A new study conducted by Northwestern University has revealed new details about the voracious appetite of black holes. While it is known that black holes do not eat like living organisms, their gravitational attraction allows them to devour nearby objects such as gas, dust, and even stars. This process is commonly referred to as “feeding.”

Traditionally, it was believed that black holes consumed matter around them at a slow rate, following the predictions of the classical accretion disk theory. However, the new research, which used advanced 3D simulations, has shown that this assumption is incorrect.

The study found that black holes tear through their accretion disk at astonishingly fast speeds, devouring it in a whirlwind. An accretion disk is a disk of matter that spirals towards a black hole. This disk forms when the black hole is in a binary system with a companion star or when it is surrounded by a cloud of gas and dust. The immense gravitational force of the black hole attracts these elements, causing them to spiral into the depths of the black hole.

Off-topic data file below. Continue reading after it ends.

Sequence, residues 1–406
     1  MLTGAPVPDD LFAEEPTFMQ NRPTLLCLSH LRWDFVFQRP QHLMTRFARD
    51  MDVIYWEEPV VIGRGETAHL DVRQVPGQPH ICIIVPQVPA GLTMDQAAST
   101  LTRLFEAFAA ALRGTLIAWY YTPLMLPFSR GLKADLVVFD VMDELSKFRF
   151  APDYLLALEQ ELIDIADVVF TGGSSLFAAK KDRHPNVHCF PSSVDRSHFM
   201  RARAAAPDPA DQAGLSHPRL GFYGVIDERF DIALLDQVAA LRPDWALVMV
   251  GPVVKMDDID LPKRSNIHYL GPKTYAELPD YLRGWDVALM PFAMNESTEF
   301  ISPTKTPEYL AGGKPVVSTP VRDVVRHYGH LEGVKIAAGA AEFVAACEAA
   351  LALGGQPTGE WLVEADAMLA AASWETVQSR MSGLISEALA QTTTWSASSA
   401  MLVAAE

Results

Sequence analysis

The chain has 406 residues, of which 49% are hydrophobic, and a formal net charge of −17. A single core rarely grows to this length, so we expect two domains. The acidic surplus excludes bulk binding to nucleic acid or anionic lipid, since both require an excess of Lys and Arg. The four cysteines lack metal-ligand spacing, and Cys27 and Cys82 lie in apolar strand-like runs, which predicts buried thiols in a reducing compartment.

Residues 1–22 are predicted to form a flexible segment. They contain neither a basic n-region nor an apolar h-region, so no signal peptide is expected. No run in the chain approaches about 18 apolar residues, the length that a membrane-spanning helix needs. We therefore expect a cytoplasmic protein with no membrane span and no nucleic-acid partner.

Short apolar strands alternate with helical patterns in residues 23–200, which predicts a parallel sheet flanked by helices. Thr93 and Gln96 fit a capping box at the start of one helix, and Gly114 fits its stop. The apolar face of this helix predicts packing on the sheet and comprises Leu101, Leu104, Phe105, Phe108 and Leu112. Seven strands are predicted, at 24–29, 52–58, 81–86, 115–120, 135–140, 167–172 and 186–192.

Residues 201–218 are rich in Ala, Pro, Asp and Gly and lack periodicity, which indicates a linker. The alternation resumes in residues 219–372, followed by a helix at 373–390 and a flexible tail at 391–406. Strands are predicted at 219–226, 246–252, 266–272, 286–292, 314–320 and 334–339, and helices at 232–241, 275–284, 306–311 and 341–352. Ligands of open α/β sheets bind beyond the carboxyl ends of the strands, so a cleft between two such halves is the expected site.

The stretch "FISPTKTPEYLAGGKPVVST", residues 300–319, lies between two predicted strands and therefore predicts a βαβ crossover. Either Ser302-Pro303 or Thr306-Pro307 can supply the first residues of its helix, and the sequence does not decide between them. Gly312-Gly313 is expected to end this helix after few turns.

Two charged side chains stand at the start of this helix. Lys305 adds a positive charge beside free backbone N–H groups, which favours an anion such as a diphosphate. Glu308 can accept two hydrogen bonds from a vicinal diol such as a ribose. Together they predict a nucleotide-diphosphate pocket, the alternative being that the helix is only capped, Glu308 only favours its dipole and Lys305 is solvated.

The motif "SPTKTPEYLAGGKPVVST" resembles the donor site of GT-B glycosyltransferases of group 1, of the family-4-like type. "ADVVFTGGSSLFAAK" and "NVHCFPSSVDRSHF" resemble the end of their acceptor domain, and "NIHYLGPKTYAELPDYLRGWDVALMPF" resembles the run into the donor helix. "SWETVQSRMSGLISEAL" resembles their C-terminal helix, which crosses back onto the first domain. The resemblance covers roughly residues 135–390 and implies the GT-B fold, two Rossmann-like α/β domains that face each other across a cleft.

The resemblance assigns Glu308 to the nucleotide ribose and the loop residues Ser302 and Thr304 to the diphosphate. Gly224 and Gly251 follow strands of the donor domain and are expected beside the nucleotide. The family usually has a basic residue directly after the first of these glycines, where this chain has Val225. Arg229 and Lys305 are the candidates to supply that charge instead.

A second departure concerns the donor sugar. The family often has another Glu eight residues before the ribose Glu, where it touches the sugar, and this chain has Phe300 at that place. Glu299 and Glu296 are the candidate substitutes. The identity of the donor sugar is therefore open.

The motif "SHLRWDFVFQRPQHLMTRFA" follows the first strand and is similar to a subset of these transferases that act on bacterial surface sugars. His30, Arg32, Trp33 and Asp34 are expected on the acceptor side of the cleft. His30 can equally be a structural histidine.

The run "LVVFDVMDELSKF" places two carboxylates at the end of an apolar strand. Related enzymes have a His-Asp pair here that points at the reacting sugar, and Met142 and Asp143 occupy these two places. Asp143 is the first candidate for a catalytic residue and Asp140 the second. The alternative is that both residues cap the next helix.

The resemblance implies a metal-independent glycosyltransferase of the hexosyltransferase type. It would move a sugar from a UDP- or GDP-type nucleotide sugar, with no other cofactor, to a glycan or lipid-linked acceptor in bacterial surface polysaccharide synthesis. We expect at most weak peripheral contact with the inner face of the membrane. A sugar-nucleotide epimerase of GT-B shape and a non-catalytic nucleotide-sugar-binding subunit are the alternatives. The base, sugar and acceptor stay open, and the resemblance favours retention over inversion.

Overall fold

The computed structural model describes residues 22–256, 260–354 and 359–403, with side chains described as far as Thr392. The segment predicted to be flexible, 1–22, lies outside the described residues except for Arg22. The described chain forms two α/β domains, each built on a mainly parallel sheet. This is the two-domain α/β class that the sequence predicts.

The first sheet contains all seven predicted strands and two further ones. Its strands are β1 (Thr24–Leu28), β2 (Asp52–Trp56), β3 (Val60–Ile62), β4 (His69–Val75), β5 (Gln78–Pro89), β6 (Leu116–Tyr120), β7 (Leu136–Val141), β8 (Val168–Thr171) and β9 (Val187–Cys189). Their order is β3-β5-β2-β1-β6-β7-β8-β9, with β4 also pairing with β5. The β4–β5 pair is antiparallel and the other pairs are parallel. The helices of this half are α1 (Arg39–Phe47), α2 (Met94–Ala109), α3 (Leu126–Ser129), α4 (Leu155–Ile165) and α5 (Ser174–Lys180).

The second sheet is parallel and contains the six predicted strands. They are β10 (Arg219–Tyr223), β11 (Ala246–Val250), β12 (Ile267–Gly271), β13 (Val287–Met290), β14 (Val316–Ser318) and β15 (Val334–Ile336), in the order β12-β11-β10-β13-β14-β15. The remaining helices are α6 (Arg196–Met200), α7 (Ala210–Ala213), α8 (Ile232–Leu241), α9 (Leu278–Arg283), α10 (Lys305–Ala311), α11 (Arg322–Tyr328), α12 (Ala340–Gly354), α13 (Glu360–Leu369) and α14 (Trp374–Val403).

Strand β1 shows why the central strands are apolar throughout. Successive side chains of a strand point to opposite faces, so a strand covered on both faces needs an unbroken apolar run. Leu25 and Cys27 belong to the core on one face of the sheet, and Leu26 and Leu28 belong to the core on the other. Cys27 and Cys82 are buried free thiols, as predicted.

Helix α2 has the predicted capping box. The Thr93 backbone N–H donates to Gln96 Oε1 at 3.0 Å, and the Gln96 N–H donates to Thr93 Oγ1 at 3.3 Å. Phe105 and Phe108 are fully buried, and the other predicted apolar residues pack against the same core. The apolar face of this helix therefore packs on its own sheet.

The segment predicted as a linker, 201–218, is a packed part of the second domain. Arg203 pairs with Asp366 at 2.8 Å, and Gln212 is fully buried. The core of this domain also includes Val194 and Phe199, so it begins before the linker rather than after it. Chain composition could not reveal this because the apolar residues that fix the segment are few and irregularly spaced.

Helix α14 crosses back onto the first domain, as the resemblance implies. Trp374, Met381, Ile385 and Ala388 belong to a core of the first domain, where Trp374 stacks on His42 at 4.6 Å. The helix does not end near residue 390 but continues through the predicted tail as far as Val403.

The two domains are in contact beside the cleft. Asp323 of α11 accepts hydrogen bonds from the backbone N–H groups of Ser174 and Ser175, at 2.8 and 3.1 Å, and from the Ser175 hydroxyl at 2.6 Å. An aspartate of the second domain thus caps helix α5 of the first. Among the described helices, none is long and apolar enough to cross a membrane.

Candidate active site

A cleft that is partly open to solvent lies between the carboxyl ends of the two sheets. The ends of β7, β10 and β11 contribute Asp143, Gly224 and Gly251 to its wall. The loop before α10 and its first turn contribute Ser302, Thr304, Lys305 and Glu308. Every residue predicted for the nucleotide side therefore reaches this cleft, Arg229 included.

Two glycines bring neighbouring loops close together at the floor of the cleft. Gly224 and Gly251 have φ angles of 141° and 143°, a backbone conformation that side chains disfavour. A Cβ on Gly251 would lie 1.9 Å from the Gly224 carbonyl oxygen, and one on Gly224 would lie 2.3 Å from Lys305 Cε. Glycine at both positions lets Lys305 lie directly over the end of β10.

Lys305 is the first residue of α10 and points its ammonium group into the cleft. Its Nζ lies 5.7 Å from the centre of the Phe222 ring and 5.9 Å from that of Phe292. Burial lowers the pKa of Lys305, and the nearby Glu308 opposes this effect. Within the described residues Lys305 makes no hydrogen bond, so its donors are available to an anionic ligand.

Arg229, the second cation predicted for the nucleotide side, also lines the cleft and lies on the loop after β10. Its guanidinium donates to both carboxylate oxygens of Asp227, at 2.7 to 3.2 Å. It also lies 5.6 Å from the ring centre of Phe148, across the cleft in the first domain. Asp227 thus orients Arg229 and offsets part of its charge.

The discovery of this accelerated consumption provides valuable insights into the behavior of black holes and their impact on their surroundings. Researchers at Northwestern University hope that this new understanding can help scientists unravel the mysteries surrounding these enigmatic cosmic entities.

In conclusion, the insatiable hunger of black holes leads them to consume their surroundings much faster than previously believed. Through their immense gravitational attraction, they rapidly consume gas, dust, and even stars. The recent study conducted by Northwestern University, based on 3D simulations, has uncovered this rapid consumption, providing new insights into the behavior of black holes.

– Northwestern University Study